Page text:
Although he continued his vigorous participation in controversial political and social causes such as nuclear disarmament (he was a Communist candidate in national elections) throughout the 1960’s and 1970’s, he was regarded more as an admirable maverick than a misfit by this time. His reputation as a singular, if highly idiosyncratic, writer was revised to include him among the more influential artists of the modernist movement, although he was still seen as a fringe member prone to outrageous observations and somewhat questionable literary adaptations which he presented as original work.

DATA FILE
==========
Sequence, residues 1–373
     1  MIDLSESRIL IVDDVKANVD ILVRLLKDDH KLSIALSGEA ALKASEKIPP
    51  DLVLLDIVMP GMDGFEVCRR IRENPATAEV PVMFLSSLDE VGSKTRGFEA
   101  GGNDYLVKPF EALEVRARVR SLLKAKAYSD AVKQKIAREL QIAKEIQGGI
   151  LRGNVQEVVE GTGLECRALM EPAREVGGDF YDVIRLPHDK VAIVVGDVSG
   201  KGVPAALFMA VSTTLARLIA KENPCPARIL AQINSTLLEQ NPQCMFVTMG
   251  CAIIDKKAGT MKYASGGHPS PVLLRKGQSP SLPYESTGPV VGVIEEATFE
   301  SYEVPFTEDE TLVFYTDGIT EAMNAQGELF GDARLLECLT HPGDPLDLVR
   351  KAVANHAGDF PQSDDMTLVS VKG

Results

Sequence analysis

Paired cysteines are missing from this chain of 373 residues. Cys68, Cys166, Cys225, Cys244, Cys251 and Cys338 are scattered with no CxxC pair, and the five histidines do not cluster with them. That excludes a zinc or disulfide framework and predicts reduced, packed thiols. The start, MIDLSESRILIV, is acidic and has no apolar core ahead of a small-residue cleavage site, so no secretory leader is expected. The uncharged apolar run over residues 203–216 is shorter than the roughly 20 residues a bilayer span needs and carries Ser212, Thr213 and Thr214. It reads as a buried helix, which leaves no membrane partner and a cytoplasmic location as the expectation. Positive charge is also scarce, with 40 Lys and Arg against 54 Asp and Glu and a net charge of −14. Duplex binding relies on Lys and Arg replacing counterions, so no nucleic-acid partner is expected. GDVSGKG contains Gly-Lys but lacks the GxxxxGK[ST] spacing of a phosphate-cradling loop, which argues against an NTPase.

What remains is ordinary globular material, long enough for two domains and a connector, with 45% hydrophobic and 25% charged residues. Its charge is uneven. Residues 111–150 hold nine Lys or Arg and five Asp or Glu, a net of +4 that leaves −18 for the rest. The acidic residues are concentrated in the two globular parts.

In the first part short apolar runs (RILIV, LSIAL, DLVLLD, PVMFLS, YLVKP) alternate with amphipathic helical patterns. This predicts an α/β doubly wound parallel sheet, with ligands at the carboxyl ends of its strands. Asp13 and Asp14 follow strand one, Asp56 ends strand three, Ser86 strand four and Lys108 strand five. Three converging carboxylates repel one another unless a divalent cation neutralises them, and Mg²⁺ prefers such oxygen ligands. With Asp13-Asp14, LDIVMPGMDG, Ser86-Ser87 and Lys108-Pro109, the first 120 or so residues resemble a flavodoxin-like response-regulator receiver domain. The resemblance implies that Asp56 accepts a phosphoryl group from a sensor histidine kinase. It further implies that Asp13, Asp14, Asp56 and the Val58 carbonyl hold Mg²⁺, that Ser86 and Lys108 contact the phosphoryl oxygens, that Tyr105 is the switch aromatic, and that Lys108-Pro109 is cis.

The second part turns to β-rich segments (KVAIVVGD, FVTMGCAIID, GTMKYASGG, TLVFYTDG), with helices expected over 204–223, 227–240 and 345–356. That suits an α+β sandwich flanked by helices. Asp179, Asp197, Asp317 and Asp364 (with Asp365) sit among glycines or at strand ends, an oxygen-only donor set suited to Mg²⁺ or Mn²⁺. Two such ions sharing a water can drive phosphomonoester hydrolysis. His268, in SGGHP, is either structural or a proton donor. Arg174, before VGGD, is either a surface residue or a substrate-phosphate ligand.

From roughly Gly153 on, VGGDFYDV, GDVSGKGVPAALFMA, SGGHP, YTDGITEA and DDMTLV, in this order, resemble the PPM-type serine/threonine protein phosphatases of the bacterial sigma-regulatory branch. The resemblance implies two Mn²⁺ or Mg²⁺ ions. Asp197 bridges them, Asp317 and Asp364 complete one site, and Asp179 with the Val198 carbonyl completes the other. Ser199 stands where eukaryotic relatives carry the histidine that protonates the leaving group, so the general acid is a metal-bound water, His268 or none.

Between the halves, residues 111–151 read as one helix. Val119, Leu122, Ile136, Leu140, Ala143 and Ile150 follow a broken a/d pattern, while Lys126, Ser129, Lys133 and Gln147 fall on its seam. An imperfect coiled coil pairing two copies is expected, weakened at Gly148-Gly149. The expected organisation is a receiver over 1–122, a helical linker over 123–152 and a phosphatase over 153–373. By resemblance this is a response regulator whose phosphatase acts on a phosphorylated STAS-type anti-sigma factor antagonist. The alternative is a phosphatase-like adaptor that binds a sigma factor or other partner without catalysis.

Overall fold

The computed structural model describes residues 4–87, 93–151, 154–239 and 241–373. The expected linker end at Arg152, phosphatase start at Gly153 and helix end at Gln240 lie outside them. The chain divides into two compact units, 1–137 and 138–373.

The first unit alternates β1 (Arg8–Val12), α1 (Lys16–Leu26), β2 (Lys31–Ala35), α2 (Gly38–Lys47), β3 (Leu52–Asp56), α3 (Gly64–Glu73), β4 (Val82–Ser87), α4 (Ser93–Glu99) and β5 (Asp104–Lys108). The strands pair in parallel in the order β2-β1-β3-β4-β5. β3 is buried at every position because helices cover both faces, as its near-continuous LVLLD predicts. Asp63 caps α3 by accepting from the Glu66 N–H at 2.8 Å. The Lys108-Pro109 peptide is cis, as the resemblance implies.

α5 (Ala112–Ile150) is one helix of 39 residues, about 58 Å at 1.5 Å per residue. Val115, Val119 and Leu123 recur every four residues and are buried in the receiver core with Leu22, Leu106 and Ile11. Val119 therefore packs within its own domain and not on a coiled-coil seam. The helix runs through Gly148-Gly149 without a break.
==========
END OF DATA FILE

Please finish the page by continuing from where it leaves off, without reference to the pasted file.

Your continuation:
BibliographyBaglow, John. Hugh MacDiarmid: The Poetry of Self. Montreal: McGill-Queen’s University Press, 1987. Somewhat academic in style but still effective as an effort to present MacDiarmid’s writing beyond the context of his nationalist ambitions and his connections with ultra-leftist politics. Includes an appendix discussing critical responses to MacDiarmid and an extensive list of references.Bold, Alan. Hugh MacDiarmid, Christopher Murray Grieve: A Critical Biography. London: John Murray, 1988. A solid discussion of the writer’s life and work by a sympathetic but discerning biographer, with a thorough bibliography and a glossary of Scots words. Photographs and drawings nicely complement the text.Boutelle, Ann Edwards. Thistle and Rose: A Study of Hugh MacDiarmid’s Poetry. Lewisburg, Pa.: Bucknell University Press, 1981. A competent, if somewhat narrowed, consideration of the poetry.Glen, Duncan, ed. Hugh Macdiarmid: Or, Out of Langholm and into the World. Edinburgh, Scotland: Akros Publications, 1992. A short biographical study of MacDiarmid with bibliographic references.Herbert, W. N. To Circumjack MacDiarmid: The Poetry and Prose of Hugh MacDiarmid. Oxford, England: Clarendon Press, 1992. A thorough, lucid, and knowledgeable consideration of MacDiarmid’s poetry and its connections to other writers, social issues, and aesthetic strategies.Kerrigan, Catherine. Whaur Extremes Meet: The Poetry of Hugh MacDiarmid, 1920-1934. Edinburgh: Mercat Press, 1983. A close reading of MacDiarmid’s early poetry, revealing the sources of many of his poems. Its many useful insights are occasionally diminished by some confusion about the poet’s philosophy.McQuillan, Ruth. Hugh MacDiarmid: The Patrimony, a Tale of the Generations of Men, and a Golden Lyric. Edinburgh, Scotland: Akros Publications, 1992. A brief analysis (thirty-two pages) with bibliographical references.Oxenhorn, Harvey. Elemental Things: The Poetry of Hugh MacDiarmid. Edinburgh: Edinburgh University Press, 1984. An exploration of MacDiarmid’s poetry from the perspective of political and cultural matters in Scotland. Somewhat uneven in terms of poetic analysis and a little too respectful of MacDiarmid’s claims that there is a coherent philosophical position informing all the poetry.Riach, Alan. Hugh MacDiarmid’s Epic Poetry. Scotland: Edinburgh University Press, 1991. A well-known scholar of Scottish culture, and MacDiarmid in particular, offers interpretations of the poetry. Bibliographical references, index.Scott, P. H., and A. C. Davis. The Age of MacDiarmid: Essays on Hugh MacDiarmid and His Influence on Contemporary Scotland. Edinburgh, Scotland: Mainstream Publishing, 1980. An important collection of essays from eminent scholars of MacDiarmid. The first group of essays is largely autobiographical in nature; the second group addresses themes such as MacDiarmid’s nationalism, politics, and the language problem in his work.